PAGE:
Tuesday, December 09, 2014

Science and Policy - Why should they pay attention to us?

Reading the latest CSAP (center for Science and Policy) report on "future Directions for Scientfic Advice in Whitehall" is quite frustrating if you are a geek.

Several behavioural weirdnesses define geeks, and these matter:

  1. geeks tend to read about anything whatever their core training is, whether climate science, social media analytics, psychology, behavioural economics, and XKCD
  2. notwithstanding Steve Hand's memorable pub rant[1], politics appears to be quite a lot simpler than a physics (Natural Sciences) or computer science or engineering degree, really.
  3. they witness many people in political decision making roles who are actually less qualified even in terms of soft (social) sciences (lets not rehearse the PPE pub rant again just yet [2])
So what does this lead to?

  1. incredulity when governments do not act on scientific advice (drugs, immigration, climate).
  2. frustration when governments offer explanations as to why they cannot act on said advice.
  3. strong inclination to walk away from bothering ever again to offer advice/evidence.
Far from this being something scientistcs should apoligise for, given the nature of the public's alienation with current western democratic policies (e.g. economics of austerity), it behoves politicians to rethnk how they react to public advice:

  1. scientists have a methodology (atually lots, but lets stick with Popperian classical Object Knowledge for now).
  2. Theories are falsifiable - the latest theory is "best of breed", that's all its merit is.
  3. We dismiss theories when new ones come along that meet the criteria (better fit, simpler, more elegant -- pick any).
  4. We change our minds
Indeed, there are honourable occasions (e.g. discovering that stomach ulcers were caused by bacteria, or the italians finding that their neutrinos did not go fast than the speed of light, or the cold fusion fail), when this is very public, but it happens every day on a finer granularity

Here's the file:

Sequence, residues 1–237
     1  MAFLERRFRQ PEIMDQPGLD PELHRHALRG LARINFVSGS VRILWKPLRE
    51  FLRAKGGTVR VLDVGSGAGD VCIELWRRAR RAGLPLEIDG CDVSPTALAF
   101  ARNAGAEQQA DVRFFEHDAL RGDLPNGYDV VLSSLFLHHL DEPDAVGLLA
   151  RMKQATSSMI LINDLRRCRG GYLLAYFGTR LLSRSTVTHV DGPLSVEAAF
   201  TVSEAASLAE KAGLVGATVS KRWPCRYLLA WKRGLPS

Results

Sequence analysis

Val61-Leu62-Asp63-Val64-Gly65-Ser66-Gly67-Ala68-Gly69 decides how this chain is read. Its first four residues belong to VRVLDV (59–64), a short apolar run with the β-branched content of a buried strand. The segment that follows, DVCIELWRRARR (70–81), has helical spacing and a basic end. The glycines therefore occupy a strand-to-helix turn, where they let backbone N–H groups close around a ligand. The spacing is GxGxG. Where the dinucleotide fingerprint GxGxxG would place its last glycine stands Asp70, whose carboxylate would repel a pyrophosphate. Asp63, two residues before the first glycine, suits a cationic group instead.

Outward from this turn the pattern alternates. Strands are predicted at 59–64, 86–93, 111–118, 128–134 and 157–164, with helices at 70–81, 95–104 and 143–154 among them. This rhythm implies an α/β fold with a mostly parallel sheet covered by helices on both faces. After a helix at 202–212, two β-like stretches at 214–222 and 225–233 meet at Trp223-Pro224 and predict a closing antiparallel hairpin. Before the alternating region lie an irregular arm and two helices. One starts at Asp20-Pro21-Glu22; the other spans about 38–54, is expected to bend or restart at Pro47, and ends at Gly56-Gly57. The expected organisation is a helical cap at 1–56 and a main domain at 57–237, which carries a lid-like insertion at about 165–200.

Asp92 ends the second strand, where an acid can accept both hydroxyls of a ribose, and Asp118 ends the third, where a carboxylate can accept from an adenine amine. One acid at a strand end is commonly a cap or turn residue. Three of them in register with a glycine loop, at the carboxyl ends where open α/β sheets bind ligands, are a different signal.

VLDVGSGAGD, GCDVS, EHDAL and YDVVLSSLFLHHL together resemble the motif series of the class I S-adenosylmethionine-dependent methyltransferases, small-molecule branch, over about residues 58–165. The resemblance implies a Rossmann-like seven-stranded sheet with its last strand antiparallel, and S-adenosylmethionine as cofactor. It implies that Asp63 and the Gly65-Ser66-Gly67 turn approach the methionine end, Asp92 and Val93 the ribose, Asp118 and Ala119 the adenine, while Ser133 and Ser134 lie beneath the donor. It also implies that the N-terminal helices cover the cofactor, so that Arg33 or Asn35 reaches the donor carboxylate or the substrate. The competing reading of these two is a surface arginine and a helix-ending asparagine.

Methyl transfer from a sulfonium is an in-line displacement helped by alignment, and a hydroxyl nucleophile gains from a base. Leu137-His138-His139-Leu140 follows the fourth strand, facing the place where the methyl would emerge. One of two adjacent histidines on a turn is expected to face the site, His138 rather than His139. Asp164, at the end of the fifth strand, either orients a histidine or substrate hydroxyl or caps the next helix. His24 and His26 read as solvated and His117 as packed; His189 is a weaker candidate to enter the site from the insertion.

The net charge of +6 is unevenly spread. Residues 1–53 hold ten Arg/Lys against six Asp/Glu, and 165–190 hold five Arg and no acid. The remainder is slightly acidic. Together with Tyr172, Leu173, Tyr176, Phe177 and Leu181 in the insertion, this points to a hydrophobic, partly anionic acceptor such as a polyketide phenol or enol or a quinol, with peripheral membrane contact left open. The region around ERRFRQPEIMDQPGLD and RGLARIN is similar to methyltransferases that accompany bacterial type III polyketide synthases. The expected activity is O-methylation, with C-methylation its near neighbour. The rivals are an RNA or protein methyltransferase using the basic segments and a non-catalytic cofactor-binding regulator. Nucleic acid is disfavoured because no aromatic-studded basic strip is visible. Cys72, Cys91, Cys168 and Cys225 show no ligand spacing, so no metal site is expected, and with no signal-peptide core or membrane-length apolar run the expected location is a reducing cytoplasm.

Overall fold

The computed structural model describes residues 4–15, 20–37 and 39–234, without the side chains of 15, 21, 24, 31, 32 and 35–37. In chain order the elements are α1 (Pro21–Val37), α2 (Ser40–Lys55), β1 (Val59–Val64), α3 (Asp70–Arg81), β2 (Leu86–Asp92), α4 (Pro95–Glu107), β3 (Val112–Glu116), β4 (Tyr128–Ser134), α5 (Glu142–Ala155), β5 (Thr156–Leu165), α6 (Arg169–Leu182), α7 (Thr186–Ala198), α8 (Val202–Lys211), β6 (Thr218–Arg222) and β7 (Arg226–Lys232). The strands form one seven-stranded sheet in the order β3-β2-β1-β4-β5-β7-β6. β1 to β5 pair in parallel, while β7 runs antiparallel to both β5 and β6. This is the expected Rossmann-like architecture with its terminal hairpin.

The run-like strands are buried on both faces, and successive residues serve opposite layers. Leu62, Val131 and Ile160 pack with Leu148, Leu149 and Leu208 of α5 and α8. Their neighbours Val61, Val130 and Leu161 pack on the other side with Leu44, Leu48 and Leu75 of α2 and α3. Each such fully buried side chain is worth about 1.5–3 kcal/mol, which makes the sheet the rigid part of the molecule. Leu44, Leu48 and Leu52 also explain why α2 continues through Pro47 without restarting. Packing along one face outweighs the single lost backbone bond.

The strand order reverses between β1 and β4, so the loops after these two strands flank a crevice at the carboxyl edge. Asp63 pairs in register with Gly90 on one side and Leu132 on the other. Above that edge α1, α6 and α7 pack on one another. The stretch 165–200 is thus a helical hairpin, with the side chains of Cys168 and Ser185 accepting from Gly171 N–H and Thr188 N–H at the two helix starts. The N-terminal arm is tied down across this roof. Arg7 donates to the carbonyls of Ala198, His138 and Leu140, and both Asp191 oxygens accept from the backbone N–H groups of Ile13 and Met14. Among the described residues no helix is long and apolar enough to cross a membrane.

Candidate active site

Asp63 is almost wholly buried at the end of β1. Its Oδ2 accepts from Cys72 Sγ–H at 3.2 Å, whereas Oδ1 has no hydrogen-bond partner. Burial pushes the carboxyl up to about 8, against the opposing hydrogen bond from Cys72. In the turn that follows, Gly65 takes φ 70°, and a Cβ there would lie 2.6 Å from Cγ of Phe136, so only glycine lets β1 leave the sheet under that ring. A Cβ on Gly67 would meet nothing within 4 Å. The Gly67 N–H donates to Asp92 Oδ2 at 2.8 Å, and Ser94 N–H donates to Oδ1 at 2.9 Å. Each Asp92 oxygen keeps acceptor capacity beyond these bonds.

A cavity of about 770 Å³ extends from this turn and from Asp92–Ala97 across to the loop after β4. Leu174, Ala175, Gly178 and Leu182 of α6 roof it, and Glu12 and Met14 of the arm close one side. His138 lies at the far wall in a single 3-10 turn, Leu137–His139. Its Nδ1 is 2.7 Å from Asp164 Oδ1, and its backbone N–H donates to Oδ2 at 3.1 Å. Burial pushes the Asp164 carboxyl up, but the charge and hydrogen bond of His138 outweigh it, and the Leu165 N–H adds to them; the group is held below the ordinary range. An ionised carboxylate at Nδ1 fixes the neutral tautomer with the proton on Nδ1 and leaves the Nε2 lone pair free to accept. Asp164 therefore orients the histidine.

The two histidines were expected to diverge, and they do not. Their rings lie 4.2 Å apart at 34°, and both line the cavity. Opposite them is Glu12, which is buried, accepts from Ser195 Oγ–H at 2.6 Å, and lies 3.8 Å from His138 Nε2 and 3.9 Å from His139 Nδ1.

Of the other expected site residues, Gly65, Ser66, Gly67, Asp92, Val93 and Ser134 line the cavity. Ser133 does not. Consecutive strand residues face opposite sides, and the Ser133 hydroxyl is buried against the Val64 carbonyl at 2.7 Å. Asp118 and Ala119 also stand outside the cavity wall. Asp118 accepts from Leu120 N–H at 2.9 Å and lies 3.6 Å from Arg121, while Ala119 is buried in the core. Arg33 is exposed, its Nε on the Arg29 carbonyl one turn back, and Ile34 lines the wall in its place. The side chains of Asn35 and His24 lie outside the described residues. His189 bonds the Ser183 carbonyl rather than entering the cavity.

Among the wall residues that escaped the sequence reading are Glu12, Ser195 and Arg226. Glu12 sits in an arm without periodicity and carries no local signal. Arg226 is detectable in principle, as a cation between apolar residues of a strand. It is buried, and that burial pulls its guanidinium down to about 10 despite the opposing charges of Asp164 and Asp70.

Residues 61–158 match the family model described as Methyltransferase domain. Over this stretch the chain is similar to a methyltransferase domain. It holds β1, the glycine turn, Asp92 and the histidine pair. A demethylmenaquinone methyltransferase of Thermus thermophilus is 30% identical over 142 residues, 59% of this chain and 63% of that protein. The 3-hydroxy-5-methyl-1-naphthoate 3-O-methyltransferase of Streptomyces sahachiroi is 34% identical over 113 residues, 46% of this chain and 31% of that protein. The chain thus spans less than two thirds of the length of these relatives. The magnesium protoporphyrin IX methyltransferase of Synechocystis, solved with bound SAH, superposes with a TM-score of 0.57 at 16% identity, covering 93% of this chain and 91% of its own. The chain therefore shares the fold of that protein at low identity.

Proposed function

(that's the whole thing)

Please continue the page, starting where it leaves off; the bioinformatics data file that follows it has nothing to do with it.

I think the time has come for scientific method to be applied by politicians. Just as Jeanette Wing argued for computational thinking to be part of everyone's intellectual landscape, scientific method has already been embedded in everyone's subconscious for some time (e.g. since the Age of Enlightenment, aka Age of Reason)

Why not? As Oliver Cromwell said to one government (and remember what happened to them 

Think it possible you may be mistaken.

Thursday, August 14, 2014



All bar one of the suspects was ruled out through a rigorous process of logic
and fermentation.  Suspect B was never identified, although her love of Citrus
flavoured chewing gum inclined Devonshire to discount her on the basis of the
lack of scent in any of the crime scenes. The fine detective had the measure
of Napier, and deemed his extremely asymmetric length arms to put him beyond
the reach of the law.  The recent Turkish immigrant who went by the moniker Moosh had an alibi (waylaid in a public loo by a nearly terminal bizarre
kebab accident). The Polis had no beef with Professor Baron, who was in any
case too absent minded to remember who could be next o nthe serial killer
list. Ms Bath was in the Ale House, where she tended to hang out with other
birds in hand. Dr Burleigh was too gentle a character, despite being a well
known Arms dealer.  The reverend Carlton was left handed, whilst the
Carpenters were both right handed, which saw them in the clear.
Thomas Champion was in london rowing, on the  Thames that day, and indeed,